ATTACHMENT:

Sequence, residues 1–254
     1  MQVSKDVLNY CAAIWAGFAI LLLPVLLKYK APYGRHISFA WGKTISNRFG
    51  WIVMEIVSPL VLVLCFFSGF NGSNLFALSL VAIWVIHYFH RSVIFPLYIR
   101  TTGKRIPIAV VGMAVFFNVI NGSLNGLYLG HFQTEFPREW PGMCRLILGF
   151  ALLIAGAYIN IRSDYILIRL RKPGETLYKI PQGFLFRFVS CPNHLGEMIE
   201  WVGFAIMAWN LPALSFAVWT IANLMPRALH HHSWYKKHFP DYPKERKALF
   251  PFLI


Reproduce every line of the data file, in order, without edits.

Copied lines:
Sequence, residues 1–254
     1  MQVSKDVLNY CAAIWAGFAI LLLPVLLKYK APYGRHISFA WGKTISNRFG
    51  WIVMEIVSPL VLVLCFFSGF NGSNLFALSL VAIWVIHYFH RSVIFPLYIR
   101  TTGKRIPIAV VGMAVFFNVI NGSLNGLYLG HFQTEFPREW PGMCRLILGF
   151  ALLIAGAYIN IRSDYILIRL RKPGETLYKI PQGFLFRFVS CPNHLGEMIE
   201  WVGFAIMAWN LPALSFAVWT IANLMPRALH HHSWYKKHFP DYPKERKALF
   251  PFLI